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California Homegrown Food Act – seeking a California legislator to author a bill in 2013

Allow individuals to supplement their incomes through sale of produce grown at home or on other urban or suburban land

By The Sustainable Economies Law Center

Excerpts:

The Sustainable Economies Law Center will soon seek a California legislator to author a bill in 2013 to reduce legal barriers to the cultivation and sale of homegrown and locally-grown produce. We have posted a summary of the bill here in order to seek feedback.

Purposes and Summary

The purposes of the California Homegrown Food Act are to:

1) Increase access to fresh, locally sourced produce for all Californians regardless of location and other socioeconomic limitations;

2) Allow individuals to supplement their incomes through sale of produce grown at home or on other urban or suburban land; and

3) Reduce the carbon footprint of our food system by enabling the increased cultivation of produce in or near places it is consumed.


Personal Agriculture

a. Where Personal Agriculture shall be permitted: Personal Agriculture shall be considered an accessory use in residential zones.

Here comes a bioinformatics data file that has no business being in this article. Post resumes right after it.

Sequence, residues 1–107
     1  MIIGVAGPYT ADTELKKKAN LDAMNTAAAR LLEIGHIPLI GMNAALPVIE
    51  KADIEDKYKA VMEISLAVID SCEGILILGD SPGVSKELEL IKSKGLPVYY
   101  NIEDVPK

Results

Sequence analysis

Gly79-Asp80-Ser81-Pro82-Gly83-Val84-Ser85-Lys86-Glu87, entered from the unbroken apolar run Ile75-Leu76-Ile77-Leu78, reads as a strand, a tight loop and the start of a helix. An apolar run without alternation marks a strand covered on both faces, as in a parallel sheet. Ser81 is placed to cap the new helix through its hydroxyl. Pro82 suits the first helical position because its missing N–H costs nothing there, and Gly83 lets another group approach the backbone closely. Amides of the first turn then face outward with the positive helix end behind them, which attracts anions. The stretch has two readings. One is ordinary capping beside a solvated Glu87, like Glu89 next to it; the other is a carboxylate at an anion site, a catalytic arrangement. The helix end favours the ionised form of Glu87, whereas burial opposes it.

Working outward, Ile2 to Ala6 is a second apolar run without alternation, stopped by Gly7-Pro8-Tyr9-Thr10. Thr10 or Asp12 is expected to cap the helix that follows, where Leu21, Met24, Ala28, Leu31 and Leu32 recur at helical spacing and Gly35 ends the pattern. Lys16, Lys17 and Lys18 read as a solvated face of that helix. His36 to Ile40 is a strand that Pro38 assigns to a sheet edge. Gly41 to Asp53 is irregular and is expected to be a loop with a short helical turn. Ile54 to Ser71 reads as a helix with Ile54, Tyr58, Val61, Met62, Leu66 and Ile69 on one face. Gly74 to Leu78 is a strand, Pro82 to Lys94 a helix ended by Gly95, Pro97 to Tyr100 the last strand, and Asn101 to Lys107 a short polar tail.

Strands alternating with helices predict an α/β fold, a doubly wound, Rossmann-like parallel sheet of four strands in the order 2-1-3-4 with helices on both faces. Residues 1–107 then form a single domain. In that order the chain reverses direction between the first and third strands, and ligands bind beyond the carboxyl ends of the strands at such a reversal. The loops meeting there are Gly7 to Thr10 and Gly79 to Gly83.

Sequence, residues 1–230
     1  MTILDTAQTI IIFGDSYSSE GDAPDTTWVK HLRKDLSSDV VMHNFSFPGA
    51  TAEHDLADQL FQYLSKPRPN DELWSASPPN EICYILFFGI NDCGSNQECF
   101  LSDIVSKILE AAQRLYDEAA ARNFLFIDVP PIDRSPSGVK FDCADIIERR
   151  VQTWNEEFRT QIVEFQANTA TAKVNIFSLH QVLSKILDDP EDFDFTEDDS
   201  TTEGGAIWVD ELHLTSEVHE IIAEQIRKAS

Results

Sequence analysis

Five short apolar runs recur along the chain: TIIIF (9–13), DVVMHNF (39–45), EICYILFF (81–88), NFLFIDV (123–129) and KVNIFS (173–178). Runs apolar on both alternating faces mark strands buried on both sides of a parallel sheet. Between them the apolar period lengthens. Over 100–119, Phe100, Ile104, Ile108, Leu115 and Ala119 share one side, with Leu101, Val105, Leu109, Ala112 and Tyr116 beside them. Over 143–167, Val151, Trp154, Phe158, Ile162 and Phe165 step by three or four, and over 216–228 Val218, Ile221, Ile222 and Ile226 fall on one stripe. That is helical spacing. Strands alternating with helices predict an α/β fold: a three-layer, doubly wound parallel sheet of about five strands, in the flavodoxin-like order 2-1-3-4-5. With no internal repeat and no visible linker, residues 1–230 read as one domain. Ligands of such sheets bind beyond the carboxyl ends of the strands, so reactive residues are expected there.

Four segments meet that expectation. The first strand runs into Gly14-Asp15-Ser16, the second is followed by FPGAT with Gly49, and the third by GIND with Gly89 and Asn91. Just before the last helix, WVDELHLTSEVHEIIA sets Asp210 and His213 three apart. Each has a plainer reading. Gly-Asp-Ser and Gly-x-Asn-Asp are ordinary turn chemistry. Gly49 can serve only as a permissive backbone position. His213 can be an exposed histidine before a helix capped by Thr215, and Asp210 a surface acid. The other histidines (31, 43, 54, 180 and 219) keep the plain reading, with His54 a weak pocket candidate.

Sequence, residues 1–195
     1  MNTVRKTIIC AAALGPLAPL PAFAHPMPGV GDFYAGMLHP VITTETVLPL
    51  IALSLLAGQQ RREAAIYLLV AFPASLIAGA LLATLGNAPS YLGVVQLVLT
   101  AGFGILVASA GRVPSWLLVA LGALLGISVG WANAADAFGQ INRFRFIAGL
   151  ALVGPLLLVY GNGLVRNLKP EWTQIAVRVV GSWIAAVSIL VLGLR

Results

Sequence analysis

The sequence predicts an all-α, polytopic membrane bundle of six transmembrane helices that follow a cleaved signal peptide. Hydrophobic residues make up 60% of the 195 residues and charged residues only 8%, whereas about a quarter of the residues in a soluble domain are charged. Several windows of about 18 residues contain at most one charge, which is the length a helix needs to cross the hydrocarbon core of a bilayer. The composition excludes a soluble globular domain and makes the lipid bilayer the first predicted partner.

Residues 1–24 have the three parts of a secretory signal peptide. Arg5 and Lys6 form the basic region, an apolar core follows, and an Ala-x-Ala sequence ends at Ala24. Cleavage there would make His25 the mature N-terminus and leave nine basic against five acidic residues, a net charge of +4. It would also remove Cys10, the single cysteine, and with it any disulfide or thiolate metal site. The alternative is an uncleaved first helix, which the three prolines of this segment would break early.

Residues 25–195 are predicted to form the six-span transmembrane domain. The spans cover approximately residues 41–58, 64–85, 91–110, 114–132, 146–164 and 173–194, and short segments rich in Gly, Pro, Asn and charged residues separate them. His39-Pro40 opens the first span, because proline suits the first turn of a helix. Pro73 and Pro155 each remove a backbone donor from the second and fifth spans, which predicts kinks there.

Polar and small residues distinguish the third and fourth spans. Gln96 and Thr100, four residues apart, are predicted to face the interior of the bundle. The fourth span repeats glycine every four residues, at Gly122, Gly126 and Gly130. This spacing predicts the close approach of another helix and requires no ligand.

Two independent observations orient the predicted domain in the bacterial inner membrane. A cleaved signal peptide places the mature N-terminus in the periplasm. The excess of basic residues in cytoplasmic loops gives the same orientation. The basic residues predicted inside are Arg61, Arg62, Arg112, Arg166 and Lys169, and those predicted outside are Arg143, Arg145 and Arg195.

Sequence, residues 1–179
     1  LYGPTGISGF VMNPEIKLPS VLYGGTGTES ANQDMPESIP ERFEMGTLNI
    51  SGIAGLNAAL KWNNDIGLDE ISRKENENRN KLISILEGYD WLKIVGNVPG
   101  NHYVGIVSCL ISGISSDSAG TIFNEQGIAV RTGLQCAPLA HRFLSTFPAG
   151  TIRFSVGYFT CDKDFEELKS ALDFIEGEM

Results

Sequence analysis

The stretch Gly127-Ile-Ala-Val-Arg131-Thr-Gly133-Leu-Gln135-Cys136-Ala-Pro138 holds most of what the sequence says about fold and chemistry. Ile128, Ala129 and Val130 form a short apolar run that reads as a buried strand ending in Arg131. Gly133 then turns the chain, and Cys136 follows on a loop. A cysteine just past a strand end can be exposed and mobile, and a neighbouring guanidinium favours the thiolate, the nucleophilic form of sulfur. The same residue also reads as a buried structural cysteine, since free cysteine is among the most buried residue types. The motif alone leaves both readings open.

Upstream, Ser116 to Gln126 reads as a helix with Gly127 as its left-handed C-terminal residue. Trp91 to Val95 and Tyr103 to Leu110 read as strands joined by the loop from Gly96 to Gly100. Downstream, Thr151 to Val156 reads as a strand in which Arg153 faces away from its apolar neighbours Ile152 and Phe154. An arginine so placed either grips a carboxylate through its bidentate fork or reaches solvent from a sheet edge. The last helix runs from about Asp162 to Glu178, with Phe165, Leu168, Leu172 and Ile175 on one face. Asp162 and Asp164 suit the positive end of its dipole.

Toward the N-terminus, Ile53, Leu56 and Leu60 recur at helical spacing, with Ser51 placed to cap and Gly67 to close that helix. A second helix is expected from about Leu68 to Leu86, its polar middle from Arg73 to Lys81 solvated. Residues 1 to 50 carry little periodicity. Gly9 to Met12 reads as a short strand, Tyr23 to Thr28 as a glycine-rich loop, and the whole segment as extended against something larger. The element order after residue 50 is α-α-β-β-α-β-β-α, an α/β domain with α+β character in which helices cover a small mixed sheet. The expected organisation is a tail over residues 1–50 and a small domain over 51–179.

b. Allowable Regulations of Personal Agriculture: Zoning regulations may not prohibit the cultivation of food plants in front or back yards for personal use. However, cities may make reasonable restrictions pertaining to height of plant material and the presence of dead plant material in front yards. Note that cities may not restrict the use of dead plant material that is to be used as ground cover, mulch, or compost. Cities may adopt regulations to restrict plants that could interfere with a public sidewalk.

Community Gardens:

a. Where Community Gardens shall be permitted:

1. In residential zones: Community Gardens shall be a permitted use.

2. In commercial zones: Community Gardens shall be a permitted use.

3. In industrial zones: Community Gardens shall be a permitted use.

b. Allowable Regulation of Community Gardens: Any structures for community gardening may be subject to the development standards of the zone as they apply to accessory structures

Read the complete article here.